A Tale of Two Cities’ Growth Boundaries
It was the smallest of changes, it was the largest of changes. One was easy to decide, the other difficult and years in the making. And so it was that the Commission that determines urban boundaries (LAFCo), voted at its February meeting to reduce Fillmore’s growth boundary by 0.46 acres, and reduce Santa Paula’s by 7,586 acres.
The Fillmore change was minor and received approval quickly with little comment. The Santa Paula change, which reined in the city from sprawling out into far-off Adams Canyon and Fagan Canyon, was the end of a long drawn out saga with enough twists and turns to keep everyone in suspense.
The Santa Paula City Council supported the major expansion into both canyons, though they had to rescind their vote to develop Fagan Canyon when city voters did a referendum. LAFCo (the Local Agency Formation Commission) twice changed its position on the expansion into the two canyons which, if allowed, would triple the size of the city. Santa Paula voters also changed their stance, twice voting to deny development in Adams Canyon, and then later voted to approve it.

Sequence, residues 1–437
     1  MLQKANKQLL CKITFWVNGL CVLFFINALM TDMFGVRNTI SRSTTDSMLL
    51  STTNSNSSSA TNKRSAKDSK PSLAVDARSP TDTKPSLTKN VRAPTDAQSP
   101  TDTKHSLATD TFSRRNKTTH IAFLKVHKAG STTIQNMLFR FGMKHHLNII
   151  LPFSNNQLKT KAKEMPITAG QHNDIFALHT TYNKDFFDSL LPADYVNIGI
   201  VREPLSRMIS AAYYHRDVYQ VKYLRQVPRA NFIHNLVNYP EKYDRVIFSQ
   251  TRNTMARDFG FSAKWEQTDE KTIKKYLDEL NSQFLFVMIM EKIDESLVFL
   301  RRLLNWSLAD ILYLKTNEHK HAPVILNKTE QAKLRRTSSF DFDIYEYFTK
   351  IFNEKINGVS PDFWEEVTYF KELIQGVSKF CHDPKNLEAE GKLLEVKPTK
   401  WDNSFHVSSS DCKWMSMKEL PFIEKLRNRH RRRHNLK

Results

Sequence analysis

In its decision in February to remove both Adams and Fagan Canyons from the city’s growth boundary,LAFCo Commissioners pointed out that neither canyonwas part of Santa Paula’s General Plan, a requirementof State law. As such, the proposals to develop thecanyons lacked plans for roads, sewers, fire protection,water and other necessary public services.
Epilogue: While the LAFCo vote brought an end to this chapter in Santa Paula’s effort to developAdams and Fagan Canyons, it is important to note that smaller expansions to its growth boundary have been approved. Most notably, Limoneira’sHarvest development that includes 1,500 homes, received only thumbs up by the City Council, LAFCo, and 83% of City voters, and did so while properlyfollowing the legal requirements to first be included in the City’s General Plan.